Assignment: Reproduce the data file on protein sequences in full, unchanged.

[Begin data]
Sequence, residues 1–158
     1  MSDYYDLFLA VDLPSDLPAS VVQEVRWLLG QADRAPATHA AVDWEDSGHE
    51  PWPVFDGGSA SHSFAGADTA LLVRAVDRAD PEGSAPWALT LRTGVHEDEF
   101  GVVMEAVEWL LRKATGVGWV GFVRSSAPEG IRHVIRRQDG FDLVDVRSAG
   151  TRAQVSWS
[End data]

Sequence, residues 1–158
     1  MSDYYDLFLA VDLPSDLPAS VVQEVRWLLG QADRAPATHA AVDWEDSGHE
    51  PWPVFDGGSA SHSFAGADTA LLVRAVDRAD PEGSAPWALT LRTGVHEDEF
   101  GVVMEAVEWL LRKATGVGWV GFVRSSAPEG IRHVIRRQDG FDLVDVRSAG
   151  TRAQVSWS